Filled Under: Claudette Colbert
Claudette Colbert (September 13, 1903 – July 30, 1996) was a French-born American actress, and a Hollywood leading lady for two decades. Colbert began her career in Broadway productions during the 1920s, progressing to film with the advent of talking pictures. She won the Academy Award for Best Actress in “It Happened One Night” (1934), the first woman born outside of North America to do so, and also received Academy Award nominations for “Private Worlds” (1935) and “Since You Went Away” (1944). During her career, Colbert starred in more than sixty movies and was the industry’s biggest box-office star in 1938 and 1942. By the mid 1950s, Colbert had largely retired from the screen in favor of television and stage work, earning a Tony Award nomination for “The Marriage-Go-Round” in 1959. Her career tapered off during the early 1960s, but in the late 1970s she experienced a career resurgence in theater, earning a Sarah Siddons Award for her Chicago theater work in 1980. For her television work in “The Two Mrs. Grenvilles” (1987) she won a Golden Globe Award and received an Emmy Award nomination. In 1999, the American Film Institute voted Claudette Colbert the “12th Greatest Female American Screen Legend” in cinema. Claudette Colbert has a star on Hollywood Walk of Fame at 6812 Hollywood Blvd.
At the 7th Academy Awards for 1934, held on February 27, 1935 at the Biltmore Hotel in Los Angeles, California, Frank Capra’s romantic comedy “It Happened One Night” became the first film to perform a “clean sweep” of the top five categories; Best Picture, Best Director (Frank Capra), Best Actor (Clark Gable), Best Actress (Claudette Colbert) and Best Screenplay (Robert Riskin).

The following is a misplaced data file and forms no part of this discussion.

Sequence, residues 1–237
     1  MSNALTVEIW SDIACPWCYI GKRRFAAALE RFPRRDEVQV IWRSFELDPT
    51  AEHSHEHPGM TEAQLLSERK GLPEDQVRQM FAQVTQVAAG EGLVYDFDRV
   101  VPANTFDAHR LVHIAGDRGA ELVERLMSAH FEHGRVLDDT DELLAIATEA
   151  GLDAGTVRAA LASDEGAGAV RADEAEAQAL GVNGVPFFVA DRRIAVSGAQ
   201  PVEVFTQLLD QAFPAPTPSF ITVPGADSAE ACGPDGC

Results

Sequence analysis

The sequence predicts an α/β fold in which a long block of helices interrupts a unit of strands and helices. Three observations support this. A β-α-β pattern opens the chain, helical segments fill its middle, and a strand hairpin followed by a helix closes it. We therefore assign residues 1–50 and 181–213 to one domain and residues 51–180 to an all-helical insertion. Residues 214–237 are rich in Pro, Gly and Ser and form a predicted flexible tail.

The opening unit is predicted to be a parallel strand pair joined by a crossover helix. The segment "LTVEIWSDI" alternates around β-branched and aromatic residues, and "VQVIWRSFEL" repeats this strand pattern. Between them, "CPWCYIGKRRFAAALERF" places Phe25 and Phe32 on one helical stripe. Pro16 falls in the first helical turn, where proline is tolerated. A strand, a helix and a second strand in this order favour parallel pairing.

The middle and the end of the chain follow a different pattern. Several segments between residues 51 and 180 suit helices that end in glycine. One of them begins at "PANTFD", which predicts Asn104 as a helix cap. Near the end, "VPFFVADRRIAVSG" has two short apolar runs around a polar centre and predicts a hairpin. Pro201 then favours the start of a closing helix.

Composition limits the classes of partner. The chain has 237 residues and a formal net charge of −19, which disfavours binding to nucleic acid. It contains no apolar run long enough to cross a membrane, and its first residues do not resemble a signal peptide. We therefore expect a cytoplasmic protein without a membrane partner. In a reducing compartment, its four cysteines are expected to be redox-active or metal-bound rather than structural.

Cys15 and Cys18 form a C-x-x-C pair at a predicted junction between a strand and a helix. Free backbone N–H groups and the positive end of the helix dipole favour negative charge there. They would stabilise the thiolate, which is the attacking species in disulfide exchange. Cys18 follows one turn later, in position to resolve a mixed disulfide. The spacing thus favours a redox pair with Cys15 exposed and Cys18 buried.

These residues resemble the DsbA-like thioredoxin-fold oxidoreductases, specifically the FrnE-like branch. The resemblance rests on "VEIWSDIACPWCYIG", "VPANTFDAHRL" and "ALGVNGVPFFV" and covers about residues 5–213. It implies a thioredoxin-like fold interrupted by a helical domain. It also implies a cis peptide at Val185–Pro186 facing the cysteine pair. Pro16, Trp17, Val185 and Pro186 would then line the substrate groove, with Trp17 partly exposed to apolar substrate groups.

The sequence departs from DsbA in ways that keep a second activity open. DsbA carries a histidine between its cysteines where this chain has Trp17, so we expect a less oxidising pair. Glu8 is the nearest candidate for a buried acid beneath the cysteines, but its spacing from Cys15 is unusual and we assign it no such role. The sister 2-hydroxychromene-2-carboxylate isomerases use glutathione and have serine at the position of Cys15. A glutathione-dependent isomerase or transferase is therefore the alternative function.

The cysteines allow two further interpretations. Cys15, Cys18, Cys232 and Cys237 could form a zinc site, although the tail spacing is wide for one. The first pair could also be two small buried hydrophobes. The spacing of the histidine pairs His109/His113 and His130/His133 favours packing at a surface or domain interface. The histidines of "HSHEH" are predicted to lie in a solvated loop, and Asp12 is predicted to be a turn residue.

“It Happened One Night” (1934) is an American romantic comedy directed by Frank Capra, in which a pampered socialite (Claudette Colbert) tries to get out from under her father’s thumb, and falls in love with a roguish reporter (Clark Gable).
Clark Gable gave his Oscar for “It Happened One Night” to a child who admired it, telling him it was the winning of the statue that had mattered, not owning it. The child returned the Oscar to the Gable family after Clark’s death.
Claudette Colbert was so convinced that she would lose the Oscar competition to write-in nominee Bette Davis, that she decided not to attend the awards ceremony. When Colbert won the Academy Award for Best Actress she was summoned from a train station to pick up her Oscar.
“I know what’s best for me, after all I have been in the Claudette Colbert business longer than anybody.” ~ Claudette Colbert
“I’ve always believed that acting is instinct to start with… you either have it or you don’t.” ~ Claudette Colbert
“Most of us don’t know about happiness until it’s over.” ~ Claudette Colbert
“Audiences always sound like they’re glad to see me, and I’m damned glad to see them. If they want you, you want to do it.” ~ Claudette Colbert
“It matters more what’s in a woman’s face than what’s on it.” ~ Claudette Colbert
“If I couldn’t laugh, I’d rather die.” ~ Claudette Colbert